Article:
Storm Surge and large waves are the greatest threats to life and property along the coast.  A storm surge is an abnormal rise of water generated by a storm’s winds.  Many will remember the surge from Hurrican Ike is 2008.  Storm Surge with Harvey is expected to be as high as 12  feet in some locations (was 20 feet in Ike).  Please check your local media sources for the exact surge totals expected for your area.  Surge related flooding will be dependent on the exact timing and the tide and can vary greatly over short distances.  Large waves will also be a factor at the coast.  Based on the tide charts, Harvey should hit as tides are moving out and close to low tide, but onshore winds are possible during several tidal cycles.

Tornadoes

Hurricanes frequently produce tornadoes, usually in the embedded thunderstorms in the rain bands now beginning to hit the Texas coast line.  They can also be associated with the eye wall.  Tornadoes produced by these systems are usually weak and short lived, but they can be a threat to where they hit.  A Tornado watch is expected to be posted for coastal areas of Texas and Louisiana later today.

Winds

It goes without saying that winds are a major issue with Hurricanes.  Sustained winds with Harvey are expected to reach up to 120 mph with gusts reaching as high as 150 mph with some locally higher gusts.  Harvey is forecast to be a major Hurricane at landfall.

Rainfall

Forecasts for Harvey have indicated significant rainfall is possible, with some models showing over 30 inches of rain.  This will be a very long duration event and flooding and flash flooding will bea major issue for many areas.

Hurricane Safety

Evacuations

Many areas in Texas have had evacuation orders given, for those who are evacuating, you will need to determine a safe evacuation route inland.   While evacuating, you’ll want to monitor the latest information to ensure that you will be evacuating to a location that is not also under a risk.   Public services in these areas will already be strained and  adding many evacuees will only cause more strain for everyone.  Learning the location of official shelters will be helpful both in the event that you evacuate as well as for those who do not evacuate.  Areas that are not under evacuation orders should also have shelters for the residents who end up in trouble due to hurricane hazards.   Tornadoes, lightning, power outages, and property damage due to falling trees can force residents from their homes, even if a mass evacuation isn’t needed.  The good news is that a quick check of traffic in this region doesn’t show any, so many heeded these orders in advance.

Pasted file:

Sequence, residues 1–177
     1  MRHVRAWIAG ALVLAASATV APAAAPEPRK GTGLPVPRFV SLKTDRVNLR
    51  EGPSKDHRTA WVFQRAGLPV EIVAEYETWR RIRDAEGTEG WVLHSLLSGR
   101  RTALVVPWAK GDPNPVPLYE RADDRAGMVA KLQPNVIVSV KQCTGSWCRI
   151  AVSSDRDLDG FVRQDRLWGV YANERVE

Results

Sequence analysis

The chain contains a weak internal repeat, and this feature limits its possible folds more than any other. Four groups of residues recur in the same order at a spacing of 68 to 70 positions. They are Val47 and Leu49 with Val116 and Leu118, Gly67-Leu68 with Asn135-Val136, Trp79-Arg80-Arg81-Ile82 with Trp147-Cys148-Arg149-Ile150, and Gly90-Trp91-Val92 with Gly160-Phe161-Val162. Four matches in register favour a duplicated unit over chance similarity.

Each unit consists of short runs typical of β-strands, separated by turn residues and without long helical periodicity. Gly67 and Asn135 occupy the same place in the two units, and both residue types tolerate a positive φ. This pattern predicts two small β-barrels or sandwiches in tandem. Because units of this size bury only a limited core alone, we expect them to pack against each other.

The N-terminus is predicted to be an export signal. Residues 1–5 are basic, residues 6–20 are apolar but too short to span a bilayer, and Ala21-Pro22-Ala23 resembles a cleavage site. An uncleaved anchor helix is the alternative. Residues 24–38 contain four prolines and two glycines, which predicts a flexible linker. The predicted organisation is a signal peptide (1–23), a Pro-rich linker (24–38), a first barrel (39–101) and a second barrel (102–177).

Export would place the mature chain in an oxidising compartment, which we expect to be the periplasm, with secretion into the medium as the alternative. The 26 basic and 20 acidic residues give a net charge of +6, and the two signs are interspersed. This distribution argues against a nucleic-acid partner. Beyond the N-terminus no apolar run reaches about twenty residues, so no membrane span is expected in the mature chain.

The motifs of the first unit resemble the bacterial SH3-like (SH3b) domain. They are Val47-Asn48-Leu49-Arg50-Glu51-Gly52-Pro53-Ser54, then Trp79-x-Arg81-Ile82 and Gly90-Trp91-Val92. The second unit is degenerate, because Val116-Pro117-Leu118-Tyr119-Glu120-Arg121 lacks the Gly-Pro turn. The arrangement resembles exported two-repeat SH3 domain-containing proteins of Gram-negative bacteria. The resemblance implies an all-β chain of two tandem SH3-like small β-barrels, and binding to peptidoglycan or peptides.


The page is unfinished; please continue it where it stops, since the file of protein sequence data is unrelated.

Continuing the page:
When evacuating, put together a go-bag.  Include a disaster supply kit, including a flashlight, batteries, cash, first aid supplies, medications, and copies of your critical information if you need to evacuate.  Snacks and stuff to drink will also be good for longer evacuations, especially with children.  While you may stop for gas, many others are also evacuating with you so its possible that many supplies will be sold out along your route.  If you haven’t already, fill up your gas tank in  your local area, gas supplies may also be strained along your route.  Cell phones should be charged before you leave.  Have one member of your family turn their phone off while travelling together.  This will ensure that if one phone does run out of battery, you will have another phone to turn on and use.  All family members should have all numbers for your phones and know to call multiple numbers if they can’t get a hold of you.